Ahmadinejad’s cameraman defects in New York
An Iranian cameraman traveling with President Mahmoud Ahmadinejad during his recent visit to the United Nations General Assembly defected last week and is now seeking political asylum in the United States, the man’s lawyer, Paul O’Dwyer told Turtle Bay. Hassan Gol Khanban, a long time videographer for the Iranian National News Agency who frequently traveled ...
An Iranian cameraman traveling with President Mahmoud Ahmadinejad during his recent visit to the United Nations General Assembly defected last week and is now seeking political asylum in the United States, the man’s lawyer, Paul O’Dwyer told Turtle Bay.
Hassan Gol Khanban, a long time videographer for the Iranian National News Agency who frequently traveled with the president, went into hiding after the Iranian delegation left New York on Thursday, according to O’Dwyer.
O’Dwyer said Khanban’s wife and two young children have also left Iran for a third country and that he is trying to arrange for them to come to the United States.
"He is seeking political asylum on behalf of his belief, and obviously the fact that he defected makes him automatically an enemy of the regime," O’Dwyer said. He was "opposed to how the regime treats people, the level of repression that exists there."
Khanban traveled to the United States on a G-2 diplomatic visa to cover Ahmadinejad’s eighth and final visit as president to New York, where he delivered a speech to the U.N. General Assembly, conducted multiple interviews, and gave a press conference with American journalists, editors, and publishers.
The defection provided an embarrassing bookend to a visit in which Ahmadinejad had sought to portray Iran’s success in challenging America’s dominance on the world stage. In a series of statements, the Iranian leader denounced the United States as a belligerent warmonger that had wreaked havoc in the Middle East with its military adventures in Afghanistan and Iraq. But there was no indication that Khanban would turn out to be a major intelligence coup for the United States.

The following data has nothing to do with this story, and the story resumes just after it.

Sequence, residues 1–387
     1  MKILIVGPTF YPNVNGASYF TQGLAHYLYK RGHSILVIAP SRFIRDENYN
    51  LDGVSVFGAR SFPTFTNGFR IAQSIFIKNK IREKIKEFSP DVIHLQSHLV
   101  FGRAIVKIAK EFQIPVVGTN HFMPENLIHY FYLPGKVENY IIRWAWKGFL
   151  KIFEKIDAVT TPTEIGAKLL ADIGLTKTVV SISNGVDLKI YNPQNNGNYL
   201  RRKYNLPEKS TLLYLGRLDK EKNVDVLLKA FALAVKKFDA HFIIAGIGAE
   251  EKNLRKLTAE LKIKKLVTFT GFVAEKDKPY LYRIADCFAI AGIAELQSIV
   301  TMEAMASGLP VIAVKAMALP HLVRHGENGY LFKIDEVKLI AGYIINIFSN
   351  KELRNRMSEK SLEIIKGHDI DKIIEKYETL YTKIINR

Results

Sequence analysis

O’Dwyer said that his client was sufficiently "trusted" by the government to be allowed to travel with the president but that he wasn’t "like a policy maker or a policy advisor. He was there to shoot video."
O’Dwyer also said that his client had differed with the Iranian delegation during the visits when they instructed him to "film stuff" that wasn’t apparently related to his journalistic duties. O’Dwyer was unwilling to provide any specifics on what he was asked to film.
However, it appears that Khanban may have already been planning to flee Iran before he arrived — he had arranged for his family to get out of the country before he filed his claim for asylum, which was first reported by the New York Daily News.
O’Dwyer declined to say where Khanban, who is in his forties, is staying "out of concern for his safety.
The Iranian mission to the United Nations did not respond to a request for comment.
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